I played a charity event last night (a silent art auction) and had a really nice time. We sold some cd’s and made a nice network connection with a photographer that is interested in doing our next album cover. It was nice to not feel like I needed to play Tam Lin to get their attention. We played what we wanted, how we wanted and the gig went very well.

We went out to a pub after to see some friends play. I think I’m not the only one in this town that plays stuff in the wannabe ‘80’s hair band genre. My friends, Guitar-bass-fiddle-mandolin, play a set of jigs with a song stuck in it. Road to Lisdoonvarna/Swallowtail, Follow me up to Carlo with Morrison’s Jig as the instrumental break. It’s truly something of a Gaelic Storm nightmare only with better vocals. They’ve been playing it for about 10 years or so. The mandolin player plays morrison’s with the mandolin behind his head. (What really made me laugh was you couldn’t really the mandolin….the trick only works if you know the player is really playing it). And the crowd went………..a bit less than wild.

I think we got a better response from our crowd than they did to theirs. We were both more or less catering to the crowd we had…I guess it really does matter if you are enjoying the material you are playing. Or maybe it’s because we’re prettier.

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What is an acid loop? Sounds like some of the drugs I did back in the 80’s ; )

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Timothy Leary Lifesavers….

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LOL!

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Is it anything like a prostitution ring?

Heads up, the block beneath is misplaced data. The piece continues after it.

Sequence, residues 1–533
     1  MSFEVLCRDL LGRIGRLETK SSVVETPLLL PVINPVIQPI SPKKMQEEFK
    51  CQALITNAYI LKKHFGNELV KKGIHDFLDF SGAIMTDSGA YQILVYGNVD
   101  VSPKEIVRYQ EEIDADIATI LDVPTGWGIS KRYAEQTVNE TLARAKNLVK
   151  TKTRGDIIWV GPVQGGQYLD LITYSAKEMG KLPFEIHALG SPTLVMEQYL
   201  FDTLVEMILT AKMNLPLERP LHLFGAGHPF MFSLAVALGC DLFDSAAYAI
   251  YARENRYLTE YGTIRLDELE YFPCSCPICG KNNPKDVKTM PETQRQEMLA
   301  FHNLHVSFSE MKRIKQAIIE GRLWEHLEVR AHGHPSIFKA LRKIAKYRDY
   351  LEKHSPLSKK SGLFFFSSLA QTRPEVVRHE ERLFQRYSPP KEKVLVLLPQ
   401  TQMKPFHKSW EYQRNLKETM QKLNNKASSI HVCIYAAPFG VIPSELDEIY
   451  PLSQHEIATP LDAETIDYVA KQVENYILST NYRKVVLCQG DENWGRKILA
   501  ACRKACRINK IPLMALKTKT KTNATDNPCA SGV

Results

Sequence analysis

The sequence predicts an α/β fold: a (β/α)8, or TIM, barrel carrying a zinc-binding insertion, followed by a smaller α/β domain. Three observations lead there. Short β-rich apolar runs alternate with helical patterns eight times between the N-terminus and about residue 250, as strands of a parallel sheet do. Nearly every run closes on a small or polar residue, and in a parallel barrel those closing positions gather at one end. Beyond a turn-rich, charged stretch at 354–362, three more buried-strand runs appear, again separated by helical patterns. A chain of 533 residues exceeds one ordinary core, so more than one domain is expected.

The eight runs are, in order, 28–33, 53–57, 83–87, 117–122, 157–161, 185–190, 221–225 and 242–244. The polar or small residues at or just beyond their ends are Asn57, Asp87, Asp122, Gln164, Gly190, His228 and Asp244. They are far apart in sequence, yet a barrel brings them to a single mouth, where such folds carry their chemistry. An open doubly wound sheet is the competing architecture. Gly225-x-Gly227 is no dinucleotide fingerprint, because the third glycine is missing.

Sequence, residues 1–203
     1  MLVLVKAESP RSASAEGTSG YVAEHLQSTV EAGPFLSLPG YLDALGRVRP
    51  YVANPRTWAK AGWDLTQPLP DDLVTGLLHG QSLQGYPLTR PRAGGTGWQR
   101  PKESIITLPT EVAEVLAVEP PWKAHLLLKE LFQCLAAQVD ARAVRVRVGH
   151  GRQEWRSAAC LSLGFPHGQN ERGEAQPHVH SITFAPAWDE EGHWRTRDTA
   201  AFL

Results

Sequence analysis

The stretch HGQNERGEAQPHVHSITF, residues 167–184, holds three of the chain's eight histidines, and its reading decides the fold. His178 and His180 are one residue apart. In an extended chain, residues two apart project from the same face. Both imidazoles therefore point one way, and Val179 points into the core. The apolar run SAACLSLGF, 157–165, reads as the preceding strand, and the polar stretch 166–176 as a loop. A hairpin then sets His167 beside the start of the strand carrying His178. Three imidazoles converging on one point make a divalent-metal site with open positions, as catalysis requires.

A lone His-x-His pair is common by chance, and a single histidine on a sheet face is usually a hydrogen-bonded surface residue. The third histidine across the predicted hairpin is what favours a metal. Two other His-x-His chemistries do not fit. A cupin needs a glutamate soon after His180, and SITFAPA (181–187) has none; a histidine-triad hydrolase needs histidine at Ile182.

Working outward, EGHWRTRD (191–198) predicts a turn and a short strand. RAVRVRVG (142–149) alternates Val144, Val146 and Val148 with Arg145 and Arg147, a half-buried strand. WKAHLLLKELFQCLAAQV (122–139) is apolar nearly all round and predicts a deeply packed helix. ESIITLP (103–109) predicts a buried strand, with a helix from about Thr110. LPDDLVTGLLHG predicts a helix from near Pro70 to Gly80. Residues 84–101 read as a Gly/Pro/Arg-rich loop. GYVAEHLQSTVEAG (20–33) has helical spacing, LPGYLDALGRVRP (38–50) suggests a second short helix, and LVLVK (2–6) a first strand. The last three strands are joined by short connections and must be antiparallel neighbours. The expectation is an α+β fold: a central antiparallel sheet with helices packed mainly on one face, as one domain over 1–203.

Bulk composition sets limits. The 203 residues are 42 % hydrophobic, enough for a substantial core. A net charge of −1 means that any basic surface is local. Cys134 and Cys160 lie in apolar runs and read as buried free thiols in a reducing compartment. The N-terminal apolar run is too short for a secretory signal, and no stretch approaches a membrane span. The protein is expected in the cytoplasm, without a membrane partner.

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I heard about a prostitution ring/dance club with cheap drugs conveniently located right on the Vermont/Canadian border…….a music buddy thought that might be a fun place for us to do a session…….as long as we can play what we want and there’s free beer, hell, I’m game : )

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I’d like to offer a quote from a musical colleague who has become a leading exponent of "Celtic Rock" in this area. He was commenting to me about the very question autumn initiated this thread with. We were at a crossroad with our musical direction, and I was determined to stay on the path I was already on — ITM. He said, "No one is interested in hearing ITM unless it has electric bass and drums." He had also told me in other discussions, "I don’t know who you’re playing to, but I play to the audience." This is why in my first response to this thread I was talking about catering to the crowd, and I said, "If we did

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It’s almost like trying to compare Joan Baez to Brittney Spears….There’s just no comparison. Brittney caters to the masses. I’m not gonna bash Brittney, but she does gear her music and stage performance in a way that shocks and grabs the mainstream attention. Celtic Rock sorta does that too, but in a lesser degree : )

BTW- I have nothing against CR bands or Irish punk bands. Would I play in such a band? probably not. I don’t think anyone would want me….lol….I’m too much of a pain in the arse….lol….

Joyce

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Jack,